These modes are then subdivided into three separate music stages that each utilise, what really equates to a different note-scrolling technique. Battle Music has notes scrolling left to right in four lanes, Field Music is the same but uses only a single lane and Event Music has a cursor that traverses the screen in weird and unusual ways, floating over the top of notes, which is like the reverse of the former two. Event Music stages also have cut scenes ripped from the original games and placed as a back-drop to the action – all in 3D, of course. The most breathtaking sequences are those from the latter games, especially Final Fantasy X, which looks gorgeous on the 3DS and shows the graphical capability the console sometimes hides.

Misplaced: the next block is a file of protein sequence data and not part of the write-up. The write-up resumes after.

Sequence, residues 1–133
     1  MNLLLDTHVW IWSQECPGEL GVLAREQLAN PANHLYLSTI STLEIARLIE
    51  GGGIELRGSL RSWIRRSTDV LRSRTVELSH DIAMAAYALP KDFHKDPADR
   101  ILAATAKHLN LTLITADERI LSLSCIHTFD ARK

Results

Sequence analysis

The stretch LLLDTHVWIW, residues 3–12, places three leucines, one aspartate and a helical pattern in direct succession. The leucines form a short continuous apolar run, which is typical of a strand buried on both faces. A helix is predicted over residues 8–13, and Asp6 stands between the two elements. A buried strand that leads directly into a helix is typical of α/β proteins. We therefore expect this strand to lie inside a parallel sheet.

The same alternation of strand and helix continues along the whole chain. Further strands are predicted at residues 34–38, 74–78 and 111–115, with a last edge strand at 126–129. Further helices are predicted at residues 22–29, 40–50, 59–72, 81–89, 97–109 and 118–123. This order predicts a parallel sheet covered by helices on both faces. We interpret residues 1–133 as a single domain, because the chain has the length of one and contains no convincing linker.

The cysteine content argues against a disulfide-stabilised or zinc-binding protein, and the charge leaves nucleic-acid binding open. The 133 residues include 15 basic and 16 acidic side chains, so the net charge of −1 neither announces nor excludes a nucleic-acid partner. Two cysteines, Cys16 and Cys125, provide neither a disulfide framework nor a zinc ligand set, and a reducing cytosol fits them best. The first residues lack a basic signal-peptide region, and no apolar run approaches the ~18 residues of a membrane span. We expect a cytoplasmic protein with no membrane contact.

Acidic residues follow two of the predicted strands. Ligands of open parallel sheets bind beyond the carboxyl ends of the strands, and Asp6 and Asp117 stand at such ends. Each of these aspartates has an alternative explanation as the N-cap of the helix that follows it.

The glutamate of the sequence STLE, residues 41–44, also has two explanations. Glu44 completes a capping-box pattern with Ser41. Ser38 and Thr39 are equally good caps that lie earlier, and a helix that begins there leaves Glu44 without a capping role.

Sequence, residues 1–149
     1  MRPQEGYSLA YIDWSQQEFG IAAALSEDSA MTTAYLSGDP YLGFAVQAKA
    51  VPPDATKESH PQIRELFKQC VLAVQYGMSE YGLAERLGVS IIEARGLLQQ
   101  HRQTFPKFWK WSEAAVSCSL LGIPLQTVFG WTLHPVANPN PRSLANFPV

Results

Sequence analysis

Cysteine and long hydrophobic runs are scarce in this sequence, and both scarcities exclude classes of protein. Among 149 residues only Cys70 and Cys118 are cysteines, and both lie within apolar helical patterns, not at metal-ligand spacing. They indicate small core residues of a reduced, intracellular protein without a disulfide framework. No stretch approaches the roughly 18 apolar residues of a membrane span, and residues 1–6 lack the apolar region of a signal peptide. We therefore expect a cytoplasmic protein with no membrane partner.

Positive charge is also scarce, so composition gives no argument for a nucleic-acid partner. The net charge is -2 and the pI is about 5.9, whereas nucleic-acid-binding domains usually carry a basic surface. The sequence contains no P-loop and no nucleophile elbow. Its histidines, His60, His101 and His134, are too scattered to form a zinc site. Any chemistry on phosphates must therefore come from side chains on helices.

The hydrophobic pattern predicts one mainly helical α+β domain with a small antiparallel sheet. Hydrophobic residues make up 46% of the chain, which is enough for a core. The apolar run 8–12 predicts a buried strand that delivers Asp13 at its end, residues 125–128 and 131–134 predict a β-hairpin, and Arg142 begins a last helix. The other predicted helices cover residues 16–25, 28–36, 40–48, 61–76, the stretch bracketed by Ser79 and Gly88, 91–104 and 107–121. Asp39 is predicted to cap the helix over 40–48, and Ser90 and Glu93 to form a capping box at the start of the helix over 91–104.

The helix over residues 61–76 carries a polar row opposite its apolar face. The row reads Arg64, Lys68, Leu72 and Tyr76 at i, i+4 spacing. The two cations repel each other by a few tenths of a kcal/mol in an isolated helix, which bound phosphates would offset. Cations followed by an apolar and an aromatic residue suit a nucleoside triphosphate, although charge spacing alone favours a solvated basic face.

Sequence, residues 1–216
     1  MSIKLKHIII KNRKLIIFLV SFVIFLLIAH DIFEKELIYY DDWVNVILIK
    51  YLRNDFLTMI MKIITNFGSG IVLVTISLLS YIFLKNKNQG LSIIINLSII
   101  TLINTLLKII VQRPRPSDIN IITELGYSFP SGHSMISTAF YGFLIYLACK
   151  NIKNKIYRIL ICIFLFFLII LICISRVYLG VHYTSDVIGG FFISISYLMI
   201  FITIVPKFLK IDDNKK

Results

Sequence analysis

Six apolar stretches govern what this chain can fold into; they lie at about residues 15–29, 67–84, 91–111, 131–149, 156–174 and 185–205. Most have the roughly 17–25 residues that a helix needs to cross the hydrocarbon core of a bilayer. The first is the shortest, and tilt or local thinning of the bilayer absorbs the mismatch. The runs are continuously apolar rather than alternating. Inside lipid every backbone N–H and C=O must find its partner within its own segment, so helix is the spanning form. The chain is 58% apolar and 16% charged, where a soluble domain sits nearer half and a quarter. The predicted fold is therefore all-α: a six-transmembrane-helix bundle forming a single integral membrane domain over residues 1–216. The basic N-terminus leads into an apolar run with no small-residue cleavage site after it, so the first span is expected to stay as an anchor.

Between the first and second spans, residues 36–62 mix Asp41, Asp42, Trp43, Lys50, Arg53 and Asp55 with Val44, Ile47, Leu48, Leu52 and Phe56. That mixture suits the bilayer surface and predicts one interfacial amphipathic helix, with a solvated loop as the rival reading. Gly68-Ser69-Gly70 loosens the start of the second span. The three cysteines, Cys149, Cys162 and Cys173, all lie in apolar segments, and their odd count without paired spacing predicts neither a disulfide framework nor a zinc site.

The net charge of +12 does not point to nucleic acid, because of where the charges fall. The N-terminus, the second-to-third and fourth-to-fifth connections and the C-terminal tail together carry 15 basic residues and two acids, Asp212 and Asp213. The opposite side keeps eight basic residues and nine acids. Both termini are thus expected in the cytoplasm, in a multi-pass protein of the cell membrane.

Of course, that all sounds like your stock-standard DS rhythm game, right? Well, Square Enix, a company not known for shying away from what made itself popular in the first place, also add some RPG elements to the mix, making you pick four famous characters from the Final Fantasy series and levelling them up as you complete songs (for reference I picked Zidane, Cecil, Terra and Cloud, in that order but you can switch characters at any time). Again, the better you perform, the more experience you get. As you level up, your characters gain abilities that affect gameplay, such as allowing you to do more damage in Battle Music Stages or to acquire rarer treasures. You can also equip one item for the entire party that will activate if a certain condition is met. What is fantastic about this design choice is that often the items will be X-Potions or Elixirs and thus, even when you are about to fail a song (your HP meter is emptied), the item will activate and give you a second opportunity. It takes the idea of something like Guitar Hero’s star power and improves it to a power of ten. This is an understated facet of Theatrhythm that provides a level of depth that has not been seen in a rhythm game beforehand. Although merging rhythm and RPG to form a RRPG seems ridiculous, Square Enix and indieszero have made it work.